In December of 1917, O’Hare’s trial was held in Bismarck, where many Bowman citizens were called as witnesses for both sides of the case. During the trial, O’Hare contended that Jim Phelan, Bowman County banker and political boss was upset over business competition from the Nonpartisan League and was responsible for her arrest. She was convicted on the charge of willfully obstructing the U.S. enlistment services, and sentenced to five years in the Missouri State Penitentiary. There were no federal penitentiaries for women at that time.
Though O’Hare arrived in Missouri in April 1919, her sentence was commuted by President Woodrow Wilson in 1920, after a nationwide campaign for her release. She was later fully pardoned by President Calvin Coolidge. After her release from prison, O’Hare led the “Children’s Crusade” which was a cross country march to convince President Warren Harding to release others convicted under the Espionage Act of 1917. With the support of the new ACLU, the women and children marchers stood at the gates of the White House for nearly two months, before President Harding agreed to meet with them. This meeting led to the release of many of the prisoners convicted under the Espionage Act.
O’Hare continued to be involved in politics, but her notoriety gradually faded. She became an esteemed penal reform advocate, and even served as an assistant director of the California Department of Penology in 1939-1940.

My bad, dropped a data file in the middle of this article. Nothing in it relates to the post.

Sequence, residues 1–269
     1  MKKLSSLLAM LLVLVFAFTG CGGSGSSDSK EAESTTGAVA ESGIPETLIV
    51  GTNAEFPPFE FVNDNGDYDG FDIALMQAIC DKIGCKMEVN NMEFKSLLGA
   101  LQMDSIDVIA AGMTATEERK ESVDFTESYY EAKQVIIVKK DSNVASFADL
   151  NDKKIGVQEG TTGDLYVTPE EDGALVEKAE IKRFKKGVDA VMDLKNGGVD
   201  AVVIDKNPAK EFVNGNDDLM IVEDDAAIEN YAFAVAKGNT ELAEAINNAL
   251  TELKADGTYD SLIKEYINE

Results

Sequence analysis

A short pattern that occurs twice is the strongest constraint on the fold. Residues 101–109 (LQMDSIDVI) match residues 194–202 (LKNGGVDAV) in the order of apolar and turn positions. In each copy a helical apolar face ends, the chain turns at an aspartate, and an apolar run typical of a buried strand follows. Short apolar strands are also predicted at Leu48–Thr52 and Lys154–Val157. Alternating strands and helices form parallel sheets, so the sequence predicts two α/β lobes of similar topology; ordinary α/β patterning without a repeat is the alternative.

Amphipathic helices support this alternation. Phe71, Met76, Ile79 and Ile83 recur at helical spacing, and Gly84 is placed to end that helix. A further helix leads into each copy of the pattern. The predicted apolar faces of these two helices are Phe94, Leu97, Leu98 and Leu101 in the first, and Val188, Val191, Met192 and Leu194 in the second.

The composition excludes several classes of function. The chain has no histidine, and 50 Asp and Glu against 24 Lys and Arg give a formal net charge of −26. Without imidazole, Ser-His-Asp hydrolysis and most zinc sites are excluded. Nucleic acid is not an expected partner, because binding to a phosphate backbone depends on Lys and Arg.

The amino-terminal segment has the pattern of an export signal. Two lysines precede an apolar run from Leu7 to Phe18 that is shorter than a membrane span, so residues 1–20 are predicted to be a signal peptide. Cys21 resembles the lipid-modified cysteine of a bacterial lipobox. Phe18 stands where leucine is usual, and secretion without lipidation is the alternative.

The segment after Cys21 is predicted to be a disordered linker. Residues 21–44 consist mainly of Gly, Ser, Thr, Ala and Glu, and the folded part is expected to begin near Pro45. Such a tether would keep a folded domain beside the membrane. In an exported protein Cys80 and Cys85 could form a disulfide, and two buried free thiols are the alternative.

In honor of Women's History Month, each week of March we will feature a brief story on a woman (or women) in history with a connection to our local area. If you know of someone we should write about, or would like more information, call or stop by the museum and let us know!2017-03-10 00:00:00
Buffalo Bird Woman (1839-1932) was a Hidatsa woman born along the Knife River. In 1845, her people moved upstream and built Like-A- Fishhook Village; a village her people shared with the Mandan and Arikara. It was there that Buffalo Bird Woman, known in Hidatsa as Maxidiwiac, became an expert gardener. She and other women in her tribe used centuries old agricultural practices to grow corn, beans, squash, and sunflowers in the bottomlands of the Missouri River. In the mid-1880s, new government policies forced the breakup of Buffalo Bird Woman’s village and dispersed families onto individual allotments on the Fort Berthold Reservation. Despite the many hardships the Native Americans faced, the Hidatsa women continued to grow the vegetables that have proven to be some of the most important crops for Midwestern farmers.
In 1916, Gilbert L. Wilson began gathering information from Buffalo Bird Woman, transcribing her wealth of knowledge on gardening. She described for him field care and preparation, planting, harvesting, processing, and storing vegetables. She also provided him with recipes for cooking traditional Hidatsa dishes, and traditional songs and ceremonies to insure a successful harvest. In 1917, Wilson published this information as a book called Agriculture of the Hidatsa Indians: An Indian Interpretation. The title was later changed to Buffalo Bird Woman’s Garden.